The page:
Ten Ways to Handle Insider Threats

Wednesday, April 18, 2012

Brent Huston


As the economic crisis continues, the possibility of an insider threat occurring within a company increases.

Close to 50% of all companies have been hit by insider attacks, according to a recent study by Carnegie Mellon’s CERT Insider Threat Center. (Click here to access the page that has the PDF download, “Insider Threat Study.”)

It doesn’t help when companies are restructuring and handing out pink slips. The result of leaner departments means that often there are less employees to notice when someone is doing something wrong.

Tough economic times may also make it tempting for an employee to switch his ‘white hat’ to a black one for financial gain. Insider threats include employees, contractors, auditors, and anyone who has authorized access to an organization’s computers.

How can you minimize the risk? Here are a few tips:

1. Monitor and enforce security policies. Update the controls and oversee implementation.

2. Initiate employee awareness programs. Educate the staff about security awareness and the possibility of them being coerced into malicious activities.

3. Start paying attention to new hires. Keep an eye out for repeated violations that may be laying the groundwork for more serious criminal activity.

4. Work with human resources to monitor negative employee issues. Most insider IT sabotage attacks occur following a termination.

5. Carefully distribute resources. Only give employees what they need to do their jobs.

6. If your organization develops software, monitor the process. Pay attention to the service providers and vendors.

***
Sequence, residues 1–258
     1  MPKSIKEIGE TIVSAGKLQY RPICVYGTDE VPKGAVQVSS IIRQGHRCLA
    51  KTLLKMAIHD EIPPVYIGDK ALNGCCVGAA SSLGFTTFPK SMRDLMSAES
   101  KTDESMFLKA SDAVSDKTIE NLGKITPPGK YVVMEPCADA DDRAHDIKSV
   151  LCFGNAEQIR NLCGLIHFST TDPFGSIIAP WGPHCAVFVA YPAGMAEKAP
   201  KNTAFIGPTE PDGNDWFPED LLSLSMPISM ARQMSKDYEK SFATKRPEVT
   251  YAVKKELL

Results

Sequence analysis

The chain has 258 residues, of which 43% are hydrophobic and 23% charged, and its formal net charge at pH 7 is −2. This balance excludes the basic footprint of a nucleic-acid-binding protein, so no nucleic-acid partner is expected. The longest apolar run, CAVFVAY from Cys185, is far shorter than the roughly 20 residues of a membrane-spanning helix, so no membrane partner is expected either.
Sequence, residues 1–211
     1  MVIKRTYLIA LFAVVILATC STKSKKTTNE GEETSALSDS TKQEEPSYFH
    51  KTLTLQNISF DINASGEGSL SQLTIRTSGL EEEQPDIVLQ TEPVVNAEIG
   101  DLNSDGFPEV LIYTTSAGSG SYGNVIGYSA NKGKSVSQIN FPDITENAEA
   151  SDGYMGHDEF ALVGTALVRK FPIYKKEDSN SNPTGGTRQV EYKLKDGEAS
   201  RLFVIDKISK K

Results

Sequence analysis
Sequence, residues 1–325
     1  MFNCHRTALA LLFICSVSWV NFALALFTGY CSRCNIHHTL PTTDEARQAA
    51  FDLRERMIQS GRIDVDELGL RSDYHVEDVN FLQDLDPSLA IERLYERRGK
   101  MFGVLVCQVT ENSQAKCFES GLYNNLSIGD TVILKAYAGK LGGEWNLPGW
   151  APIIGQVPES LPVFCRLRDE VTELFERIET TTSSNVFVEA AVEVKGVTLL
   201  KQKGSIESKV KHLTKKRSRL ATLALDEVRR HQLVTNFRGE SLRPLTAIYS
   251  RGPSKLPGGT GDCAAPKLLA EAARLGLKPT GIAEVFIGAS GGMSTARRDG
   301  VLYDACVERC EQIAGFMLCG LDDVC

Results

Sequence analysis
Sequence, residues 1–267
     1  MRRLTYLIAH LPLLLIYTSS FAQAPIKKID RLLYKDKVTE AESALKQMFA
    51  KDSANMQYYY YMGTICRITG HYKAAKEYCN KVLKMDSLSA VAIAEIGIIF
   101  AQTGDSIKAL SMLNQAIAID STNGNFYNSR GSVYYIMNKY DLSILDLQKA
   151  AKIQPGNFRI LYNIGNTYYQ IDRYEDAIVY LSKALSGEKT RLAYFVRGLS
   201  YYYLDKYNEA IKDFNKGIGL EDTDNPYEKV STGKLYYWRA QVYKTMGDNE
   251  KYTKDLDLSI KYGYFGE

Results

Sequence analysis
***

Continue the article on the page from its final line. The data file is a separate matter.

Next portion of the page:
7. Approach privileged users with extra care. Use the two-man rule for critical projects. Those who know technology are more likely to use technological means for revenge if they perceive they’ve been wronged.

8. Monitor employees’ online activity, especially around the time an employee is terminated. There is a good chance the employee isn’t satisfied and may be tempted to engage in an attack.

9. Go deep in your defense plan to counter remote attacks. If employees know they are being monitored, there is a good possibility an unhappy worker will use remote control to gain access.

10. Deactivate computer access once the employee is terminated. This will immediately end any malicious activity such as copying files or sabotaging the network.

Be vigilant with your security backup plan. There is no approach that will guarantee a complete defense against insider attacks, but if you continue to practice secure backup, you can decrease the damage. Stay safe!

Cross-posted from State of Security

Possibly Related Articles:
Enterprise Security
Information Security
Enterprise Security Insider Threats Risk Management Access Control Best Practices Controls Employees Contractors Privileges
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mathias aebischer Don't forget to immediately change all impersonal passwords the employee had access to as well!
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